Solicitor’s plea to stay in profession after fraud conviction falls on deaf ears

Old Bailey: Solicitor sentenced to three years’ imprisonment

A tribunal has rejected a solicitor’s plea not to strike him off so he could rebuild his life after being convicted of taking £100,000 from people who thought they were investing in vintage wines.

Michael Lloyd Wilson said he had lost everything and all he had left was his profession. “He hoped there was some light at the end of the tunnel so he could find a way back,” the Solicitors Disciplinary Tribunal (SDT) recorded.

Mr Wilson, born in 1972 and admitted in 2003, was convicted last year at the Old Bailey of acquiring/using/possessing criminal property, and sentenced to three years’ imprisonment. He was also disqualified as a director for seven years.

The SDT recounted that he had been a director of Global Wine Investments Ltd, through which members of the public, some of them elderly, paid money to purchase vintage wines as an investment.

However, in most cases investors did not receive any wine at all and instead lost their money. Mr Wilson took around £100,000 from them.

In mitigation, Mr Wilson said he had had “a lot of time to think” while in prison. He accepted his conviction and told the SDT he had made “some treacherous choices”.

He said he had not set up a business to defraud elderly people but realised, with hindsight, that he did not have the skills to run it.

At the same time, he was running a not-for-profit business where he went into schools to help children, as well as a regulated PPI claims business. Further, he had been a partner in an East London law firm and director of a property management company. There had been no problems with any of these.

The SDT said: “Remorse was not a strong enough word to describe how he felt. [Mr Wilson] stated he had put £150,000 into the business but then taken money to use for his other businesses.

“He stated that he had completely lost control of the amounts he had been taking from the wine business and this had resulted in ‘massive financial mismanagement’. He had made some bad decisions at a time when he had been going through challenging family circumstances.”

Mr Wilson, who said he had always wanted to be a lawyer and had practised for 13 years with no issues, told the tribunal that he had nothing left and could not even claim benefits – he was being supported by an elderly relative and living with a friend.

The SDT reported: “The respondent did not wish to make any excuses for his actions. He had lost everything, his reputation was in tatters and his conduct had been publicised. He was disqualified as a director so could not set up a new business, nor could he travel to see his family as he was still under a licence.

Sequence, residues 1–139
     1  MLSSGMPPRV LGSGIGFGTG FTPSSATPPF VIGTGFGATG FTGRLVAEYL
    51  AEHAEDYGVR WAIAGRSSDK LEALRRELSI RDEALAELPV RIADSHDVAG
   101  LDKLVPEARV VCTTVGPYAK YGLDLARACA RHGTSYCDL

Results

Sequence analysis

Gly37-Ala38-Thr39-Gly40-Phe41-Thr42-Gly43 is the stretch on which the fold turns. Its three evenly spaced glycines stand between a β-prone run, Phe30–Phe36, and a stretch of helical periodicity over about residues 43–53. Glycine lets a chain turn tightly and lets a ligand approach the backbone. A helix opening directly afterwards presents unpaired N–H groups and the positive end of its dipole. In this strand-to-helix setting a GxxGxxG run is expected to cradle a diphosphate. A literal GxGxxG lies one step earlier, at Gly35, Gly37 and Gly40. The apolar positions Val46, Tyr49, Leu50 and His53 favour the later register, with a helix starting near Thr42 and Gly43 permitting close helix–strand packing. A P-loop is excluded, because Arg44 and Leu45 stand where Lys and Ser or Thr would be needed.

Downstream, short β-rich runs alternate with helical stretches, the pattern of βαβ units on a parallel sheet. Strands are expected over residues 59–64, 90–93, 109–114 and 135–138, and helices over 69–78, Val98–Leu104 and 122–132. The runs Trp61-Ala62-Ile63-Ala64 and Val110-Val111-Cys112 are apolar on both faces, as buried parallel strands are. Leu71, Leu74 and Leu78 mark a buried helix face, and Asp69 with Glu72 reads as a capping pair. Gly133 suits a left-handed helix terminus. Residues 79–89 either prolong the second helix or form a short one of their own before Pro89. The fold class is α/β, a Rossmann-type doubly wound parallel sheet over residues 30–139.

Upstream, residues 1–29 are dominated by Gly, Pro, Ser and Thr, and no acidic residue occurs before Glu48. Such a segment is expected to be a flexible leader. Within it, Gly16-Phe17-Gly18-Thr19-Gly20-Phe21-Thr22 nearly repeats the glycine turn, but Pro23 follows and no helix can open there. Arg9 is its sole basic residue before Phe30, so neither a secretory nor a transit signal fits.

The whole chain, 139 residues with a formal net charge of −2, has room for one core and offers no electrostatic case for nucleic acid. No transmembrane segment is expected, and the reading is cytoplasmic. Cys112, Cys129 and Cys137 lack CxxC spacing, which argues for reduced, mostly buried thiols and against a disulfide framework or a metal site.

“The respondent wanted to try and find a way to rebuild his life. All he had left was his profession and he hoped there was some light at the end of the tunnel so he could find a way back.”

The SDT said his actions had caused “a great deal of harm” to the reputation of the profession “and the extent of that harm could reasonably have been foreseen”.

On the other hand, “it was clear the time he had spent in prison had had a profound effect on the respondent and he had matured a great deal as a result of this. The tribunal concluded [he] was unlikely to repeat his conduct”.

However, it concluded that a fine or reprimand were not appropriate in a case like this, while a suspension would not be sufficient to mark the severity of the offence.

“This was a criminal offence which was so serious that an order striking the respondent off the roll was the appropriate and proportionate order in this case”.

Meanwhile, another tribunal has struck off a solicitor convicted of two counts of making an indecent photograph or ‘pseudo-photograph’ of a child.

Edward Nicholas Proffitt was born in 1972 and admitted in 1997. He was sentenced to a three-year community order, a five-year sexual harm prevention order and placed on the sex offenders register for five years.

Mr Proffitt told the tribunal that he accepted his behaviour was wrong and totally unacceptable. He apologised unreservedly for his conduct and its effect on the profession.

“He accepted it was his own fault and stupidity that had led to the loss of membership of his profession, which was one he was immensely proud of. [He] stated the proudest day of his life was when he became a solicitor and it meant a great deal to him to be losing his career.”

The SDT found that Mr Proffitt had shown “genuine remorse and insight” but that “nothing short” of an order striking him off was sufficient to protect the public and reputation of the profession.

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